Team of Rivals
Petro-Canada retail sites to survive merger with Suncor Energy
CALGARY, Alberta -- The Canadian government will take consumer interests into account when reviewing a proposed takeover of Petro-Canada by rival Suncor Energy Inc., reported Reuters. "As the Competition Bureau does its work, the government will be informed, the government will take all, each and every necessary step to ensure that the interests of Canadian consumers and their needs are fully protected," said Diane Ablonczy, minister of state for small business, responding to a question in Parliament by a legislator who expressed concern about the impact of the deal on refining [image-nocss] capacity and retail fuel prices.
As reported in a CSP Daily News Flash yesterday, Suncor and Petro-Canada have agreed to merge the two companies. Upon completion of the $19.12 billion (Canadian; $15.5 billion U.S.) transaction, the combined entity will operate corporately and trade under the Suncor name, while maintaining the strong brand presence and customer loyalty of Petro-Canada in refined products.
While Suncor was a recognized name within the investment community, Rick George, president and CEO of Suncor, and who will assume the same role with the merged entity, said during a conference call with analysts that the two companies "recognized that Petro-Canada has the No. 1 brand recognition in the marketplace," which has lead to their decision to keep that name downstream.
Although the combined company will have a major upstream focus, especially on oil sands, both companies have notable downstream operations.
Calgary, Alberta-based Suncor is an integrated energy company that operates a refining and marketing business in Ontario with retail distribution under the Sunoco brand. U.S. downstream assets include pipeline and refining operations in Colorado and Wyoming and retail sales in the Denver area under the Phillips 66 brand. Suncor Energy (U.S.A.) Inc. is an authorized licensee of the Phillips 66 brand and marks in the state of Colorado. Sunoco in Canada is separate and unrelated to Sunoco in the United States, which is owned by Sunoco Inc., Philadelphia.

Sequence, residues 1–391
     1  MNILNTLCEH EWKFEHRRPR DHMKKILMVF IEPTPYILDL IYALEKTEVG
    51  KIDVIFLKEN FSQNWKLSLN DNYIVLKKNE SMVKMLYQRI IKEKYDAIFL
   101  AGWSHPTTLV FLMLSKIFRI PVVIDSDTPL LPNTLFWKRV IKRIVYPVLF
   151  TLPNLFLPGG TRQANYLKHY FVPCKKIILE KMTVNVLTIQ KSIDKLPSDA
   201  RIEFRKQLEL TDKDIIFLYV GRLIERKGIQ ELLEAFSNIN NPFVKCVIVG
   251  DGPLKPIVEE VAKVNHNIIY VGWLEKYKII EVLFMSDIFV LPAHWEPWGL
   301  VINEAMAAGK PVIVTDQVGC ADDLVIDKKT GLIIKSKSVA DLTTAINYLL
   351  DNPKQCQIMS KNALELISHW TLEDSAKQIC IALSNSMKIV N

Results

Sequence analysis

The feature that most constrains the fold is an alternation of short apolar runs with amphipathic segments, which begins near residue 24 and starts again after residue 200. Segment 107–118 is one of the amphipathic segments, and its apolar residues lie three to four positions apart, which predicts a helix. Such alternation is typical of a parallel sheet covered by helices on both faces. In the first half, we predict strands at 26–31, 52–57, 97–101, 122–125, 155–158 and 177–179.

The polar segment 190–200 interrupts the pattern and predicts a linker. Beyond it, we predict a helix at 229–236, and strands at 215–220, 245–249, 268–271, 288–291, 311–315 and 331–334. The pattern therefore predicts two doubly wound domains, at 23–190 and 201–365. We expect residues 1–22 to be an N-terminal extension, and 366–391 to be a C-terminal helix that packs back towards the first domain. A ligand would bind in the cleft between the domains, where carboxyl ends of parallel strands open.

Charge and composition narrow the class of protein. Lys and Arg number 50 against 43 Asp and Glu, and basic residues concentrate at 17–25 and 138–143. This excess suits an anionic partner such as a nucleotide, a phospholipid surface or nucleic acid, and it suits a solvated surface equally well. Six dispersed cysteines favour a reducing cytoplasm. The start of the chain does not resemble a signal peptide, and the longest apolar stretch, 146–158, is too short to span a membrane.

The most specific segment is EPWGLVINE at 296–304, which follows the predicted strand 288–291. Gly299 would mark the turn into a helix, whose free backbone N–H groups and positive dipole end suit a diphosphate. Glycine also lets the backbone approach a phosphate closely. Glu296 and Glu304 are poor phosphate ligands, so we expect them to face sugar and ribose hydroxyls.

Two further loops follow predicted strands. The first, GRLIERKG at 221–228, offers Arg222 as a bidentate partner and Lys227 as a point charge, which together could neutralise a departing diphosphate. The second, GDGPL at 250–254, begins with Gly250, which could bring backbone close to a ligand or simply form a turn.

Petro-Canada, also based in Calgary, is one of Canada's largest oil and gas companies, operating in both the upstream and the downstream sectors of the industry in Canada and internationally. It operates a network of more than 1,500 retail and wholesale outlets (1,323 retail sites, according to Reuters) across Canada.
Founded by the Canadian government in 1975 as a state-owned oil company, Petro-Canada was given preferential access to new exploration lands and was augmented with the purchase of the Canadian operations of Atlantic Richfield, Pacific Petroleums and others. It expanded overseas in 2002 when it acquired the exploration and production assets of Veba Oil & Gas for $3.2 billion (Canadian), nearly doubling output. The government first began selling shares to the public in 1991 and completed the privatization in 2004, when it sold its remaining 19% stake. (Click here for previous coverage.)
"This merger creates a made-in-Canada energy leader with the assets, cost structure and financial strength to compete globally," said George. "The combined portfolio boasts the largest oil sands resource position, a strong Canadian downstream brand, solid conventional exploration and production assets, and low-cost production from Canada's east coast and internationally."
Ron Brenneman, president and CEO of Petro-Canada, and who will assume the role of executive vice chairman in the merged company, said, "The merger will be good for shareholders of both companies with reduced capital requirements, operating efficiencies and complementary integration opportunities between upstream and downstream assets. The increased scale provides more stability in volatile markets, plus the financial and organizational capability to successfully take on large-scale projects in the future."
During the analyst call, Brenneman cited two compelling reasons for the merger: The need to face global competition in a time of economic uncertainty, and how combining businesses will give both entities the ability to drive "prudent and substantial" growth.
The merging companies estimate achieving annual operating expenditure reductions of $300 million (Canadian). These savings are expected to come from efficiencies in overlapping operations, streamlining business practices, and improved logistics. The companies also expect to achieve annual capital efficiencies of approximately $1 billion (Canadian) through elimination of redundant spending and targeting capital budgets to high-return, near term projects.
When asked about possible layoffs as part of the announced $300 million in anticipated operating-cost reductions, George said, "You can imagine water cooler talks on both [companies].... There will be some near-term job reduction. However, we expect increased investment in Canada, which will create construction [jobs] near-term and operating jobs in the mid- to long term, and [ultimately,] wealth creation in terms of investment, employment and taxes paid."
John Ferguson, Suncor chairman, will serve as chairman of the merged company.
Completion of the proposed merger is conditional on approval of Suncor and Petro-Canada shareholders, compliance with the Competition Act and satisfaction of other customary approvals including regulatory, stock exchange and Court of Queen's Bench of Alberta approvals.
Click herefor a PowerPoint presentation on the merger.
Click hereto view CSP magazine's feature on Petro-Canada's Neighbours c-store concept.